WOMEN'S WORK Getting Ahead Is More about Proving They Belong on the Job and Less about Proving Themselves as Females in Fields Once Dominated by Males
Skidmore, Sarah, The Florida Times Union
Byline: Sarah Skidmore, Times-Union business writer
Women have been climbing through some serious cracks in the glass ceiling for the past several decades.
But it's not just the power suits of the Fortune 500 getting through.
Women of the cloth, women in lab coats and many others are on their way up.
A recent influx of women into the clergy, veterinary medicine, dentistry, car sales and other once male-dominated fields are now earning the same if not more than their male counterparts, according to a recent study by the Employment Policy Foundation, a non-profit research group.
The playing field is not quite equal everywhere yet. Women's pay as a percent of men's in all industries, although not yet equal in 2000, was up 4.1 percent from 1990, according to the U.S. Department of Labor statistics.
But for women in these industries in which the discrepancy appears to be evening out, getting ahead is more about proving themselves as workers and less about proving themselves as women in the workplace. And for some Jacksonville professionals, being a woman is actually giving them an added advantage.
Renee Brown is one of the new entrants to the very male world of car sales. She started work seven months ago at Tom Bush Autoplex in Jacksonville. She is the only woman among 30 salespeople selling Volkswagens, Mazdas and used cars at the dealership, but is one of the top sellers.
She said being a woman without a doubt played a role in her success.
"The consumer is sick and tired of the typical car man, I am different," Brown said. "People trust me -- I don't lie."
Embracing some typically "female" traits such as listening helped propel her upward.
"I wait to hear what they need," Brown said. But attentiveness also pays off in other ways. "If a husband and wife are there, I sell to the wife because she's the one making these decisions."
Brown said the main obstacle is proving she knows about cars, which she easily overcomes.
Her manager, Bill Stewart, said Brown is consistently one of his top performers -- last month she sold 19 cars when the average salesperson sold eight. He said this work earns her the respect of co-workers.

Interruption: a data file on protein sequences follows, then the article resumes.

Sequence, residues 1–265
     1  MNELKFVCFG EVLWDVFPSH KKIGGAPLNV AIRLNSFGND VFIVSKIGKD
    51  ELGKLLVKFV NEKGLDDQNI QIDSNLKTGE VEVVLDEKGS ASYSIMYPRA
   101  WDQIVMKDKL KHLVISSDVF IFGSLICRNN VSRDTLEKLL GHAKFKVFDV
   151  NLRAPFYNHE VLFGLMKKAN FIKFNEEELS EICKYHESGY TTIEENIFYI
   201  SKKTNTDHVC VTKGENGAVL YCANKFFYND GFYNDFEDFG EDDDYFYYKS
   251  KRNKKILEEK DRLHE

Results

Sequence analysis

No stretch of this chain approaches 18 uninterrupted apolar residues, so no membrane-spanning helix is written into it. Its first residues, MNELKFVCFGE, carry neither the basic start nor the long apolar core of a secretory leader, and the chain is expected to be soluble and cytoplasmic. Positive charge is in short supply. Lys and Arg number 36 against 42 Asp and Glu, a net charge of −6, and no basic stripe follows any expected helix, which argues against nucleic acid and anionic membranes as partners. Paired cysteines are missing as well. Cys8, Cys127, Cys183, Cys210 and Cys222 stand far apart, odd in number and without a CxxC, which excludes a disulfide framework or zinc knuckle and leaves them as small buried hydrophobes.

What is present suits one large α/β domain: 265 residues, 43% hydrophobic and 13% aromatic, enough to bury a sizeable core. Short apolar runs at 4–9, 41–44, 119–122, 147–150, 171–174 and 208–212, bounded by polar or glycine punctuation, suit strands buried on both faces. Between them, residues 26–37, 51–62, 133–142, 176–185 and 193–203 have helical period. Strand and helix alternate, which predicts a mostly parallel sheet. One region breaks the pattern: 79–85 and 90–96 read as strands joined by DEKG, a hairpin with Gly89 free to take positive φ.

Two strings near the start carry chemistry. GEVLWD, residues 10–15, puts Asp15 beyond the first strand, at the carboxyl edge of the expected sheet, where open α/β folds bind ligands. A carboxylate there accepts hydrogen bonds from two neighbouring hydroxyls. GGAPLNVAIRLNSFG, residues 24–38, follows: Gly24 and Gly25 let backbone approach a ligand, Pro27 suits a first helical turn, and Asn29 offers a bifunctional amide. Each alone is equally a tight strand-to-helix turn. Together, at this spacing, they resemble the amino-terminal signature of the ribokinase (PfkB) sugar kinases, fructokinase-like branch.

"I like having women on my sales force," Stewart said. "They are good with their customers, and customers have a tendency to warm up to them quicker."
Brown said while she does not hide her feminine traits, she is treated as one of the guys in the workplace. But she questions how easy it would have been a few years ago.
"You don't hear the 'little missy' remarks at all. Car men have a sleazy reputation," Brown said. "But everyone is here to sell cars -- not to get dates."
She said she works hard, about 50 hours a week and is used to the competition after working for many years in advertising sales. She says this personal drive, more than anything, helps her get ahead.
Being a woman isn't the only key to success.
"The qualities of a good dentist are not gender specific -- as long as you do a good job," said Patricia Pulido, a dentist with her own practice on Beach Boulevard.
Professional competency continues to be the core of all the women's success, but embracing some feminine traits lent Pulido some added benefits.
"I feel like women have a softer approach," Pulido said. "I have a lot of patients tell me I have a softer touch and they like that."
Pulido's office is directly above her husband's medical practice, and her daughters work at the front counter. This focus on family has also overlapped into other arenas.
Parents often bring their children to her, and she believes children respond well to her because she is a mother and knows firsthand how to communicate with them.
But despite her young fans, even the most gentle practitioner in the world will still have critics -- not many people want to see the dentist. …